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Genetic diversity of avocado from the southern highlands of Tanzania as revealed by microsatellite markers

Abstract

Background

Avocado is an important cash crop in Tanzania, however its genetic diversity is not thoroughly investigated. This study was undertaken to explore the genetic diversity of avocado in the southern highlands using microsatellite markers. A total of 226 local avocado trees originating from seeds were sampled in eight districts of the Mbeya, Njombe and Songwe regions. Each district was considered as a population. The diversity at 10 microsatellite loci was investigated.

Results

A total of 167 alleles were detected across the 10 loci with an average of 16.7 ± 1.3 alleles per locus. The average expected and observed heterozygosity were 0.84 ± 0.02 and 0.65 ± 0.04, respectively. All but two loci showed a significant deviation from the Hardy-Weinberg principle. Analysis of molecular variance showed that about 6% of the variation was partitioned among the eight geographic populations. Population FST pairwise comparisons revealed lack of genetic differentiation for the seven of 28 population pairs tested. The principal components analysis (PCA) and hierarchical cluster analysis showed a mixing of avocado trees from different districts. The model-based STRUCTURE subdivided the trees samples into four major genetic clusters.

Conclusion

High diversity detected in the analysed avocado germplasm implies that this germplasm is a potentially valuable source of variable alleles that might be harnessed for genetic improvement of this crop in Tanzania. The mixing of avocado trees from different districts observed in the PCA and dendrogram points to strong gene flow among the avocado populations, which led to population admixture revealed in the STRUCTURE analysis. However, there is still significant differentiation among the tree populations from different districts that can be utilized in the avocado breeding program.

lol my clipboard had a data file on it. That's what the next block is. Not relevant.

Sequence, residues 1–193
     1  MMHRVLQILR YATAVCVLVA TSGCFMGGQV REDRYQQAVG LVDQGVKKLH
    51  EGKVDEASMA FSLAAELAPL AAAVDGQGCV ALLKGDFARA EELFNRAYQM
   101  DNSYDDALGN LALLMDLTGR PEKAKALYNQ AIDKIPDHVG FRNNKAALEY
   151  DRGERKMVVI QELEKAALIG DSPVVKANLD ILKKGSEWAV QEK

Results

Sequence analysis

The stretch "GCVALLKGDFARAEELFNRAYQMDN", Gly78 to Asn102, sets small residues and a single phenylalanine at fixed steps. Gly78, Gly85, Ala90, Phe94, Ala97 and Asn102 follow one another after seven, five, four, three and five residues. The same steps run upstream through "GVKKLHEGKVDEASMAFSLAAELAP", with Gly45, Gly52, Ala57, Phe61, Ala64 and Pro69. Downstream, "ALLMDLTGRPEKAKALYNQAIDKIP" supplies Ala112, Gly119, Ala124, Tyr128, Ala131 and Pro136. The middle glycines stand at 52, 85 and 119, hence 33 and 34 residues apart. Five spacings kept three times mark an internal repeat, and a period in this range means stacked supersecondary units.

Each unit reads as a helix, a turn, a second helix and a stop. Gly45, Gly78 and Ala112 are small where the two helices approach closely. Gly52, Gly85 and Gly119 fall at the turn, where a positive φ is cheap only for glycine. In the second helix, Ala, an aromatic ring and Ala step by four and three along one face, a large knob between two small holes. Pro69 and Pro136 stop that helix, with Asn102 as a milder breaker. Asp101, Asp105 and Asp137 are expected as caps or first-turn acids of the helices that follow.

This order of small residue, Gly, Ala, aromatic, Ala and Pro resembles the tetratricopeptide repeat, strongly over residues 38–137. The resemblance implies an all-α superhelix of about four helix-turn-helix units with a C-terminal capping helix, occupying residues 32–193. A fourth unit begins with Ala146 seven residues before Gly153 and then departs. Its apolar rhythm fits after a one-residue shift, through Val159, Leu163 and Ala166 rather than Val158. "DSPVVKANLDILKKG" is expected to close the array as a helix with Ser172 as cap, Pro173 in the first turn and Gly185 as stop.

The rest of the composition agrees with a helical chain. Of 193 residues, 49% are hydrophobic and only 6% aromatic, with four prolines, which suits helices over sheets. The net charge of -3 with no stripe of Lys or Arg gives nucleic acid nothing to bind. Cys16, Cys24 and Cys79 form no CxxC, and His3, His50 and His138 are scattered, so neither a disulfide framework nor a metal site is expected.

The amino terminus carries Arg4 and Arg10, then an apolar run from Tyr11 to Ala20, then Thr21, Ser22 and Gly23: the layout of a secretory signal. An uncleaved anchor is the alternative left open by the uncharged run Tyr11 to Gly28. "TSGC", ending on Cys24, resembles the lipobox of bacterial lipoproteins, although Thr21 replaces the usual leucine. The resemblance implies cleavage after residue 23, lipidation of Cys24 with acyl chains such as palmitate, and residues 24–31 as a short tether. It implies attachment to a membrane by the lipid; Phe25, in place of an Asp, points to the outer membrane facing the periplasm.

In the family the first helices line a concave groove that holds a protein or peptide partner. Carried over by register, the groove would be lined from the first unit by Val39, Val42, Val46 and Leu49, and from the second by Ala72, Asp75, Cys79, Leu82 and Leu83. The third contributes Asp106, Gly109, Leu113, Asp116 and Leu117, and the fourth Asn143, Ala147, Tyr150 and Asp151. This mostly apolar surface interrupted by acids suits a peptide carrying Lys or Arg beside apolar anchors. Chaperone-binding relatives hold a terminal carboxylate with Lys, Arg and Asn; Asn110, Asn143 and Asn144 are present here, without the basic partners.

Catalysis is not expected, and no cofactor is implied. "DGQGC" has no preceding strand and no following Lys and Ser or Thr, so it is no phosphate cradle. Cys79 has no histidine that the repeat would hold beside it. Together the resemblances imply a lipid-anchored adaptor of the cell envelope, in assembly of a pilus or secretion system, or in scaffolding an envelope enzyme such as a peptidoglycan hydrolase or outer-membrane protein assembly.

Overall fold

Background

Avocado (Persea americana Mill.) is a highly heterozygous diploid species with 12 pairs of chromosomes [1]. It produces edible, nutritious and commercially important fruits. Persea americana is a polymorphic species with numerous taxa that are adapted to different climates and altitudinal ranges. These taxa are considered to be botanical varieties [2] and include P. americana var. drymifolia, P. americana var. guatemalensis and P. americana var. americana [3], which are commonly referred to as the Mexican, Guatemalan and West Indian horticultural races, respectively [4]. Avocado is a cross-pollinating species with a reported outcrossing ranging from 74 to 96% [5]. The three avocado races are cross-compatible, and hybridisation can occur between trees of different races when grown near each other [6, 7].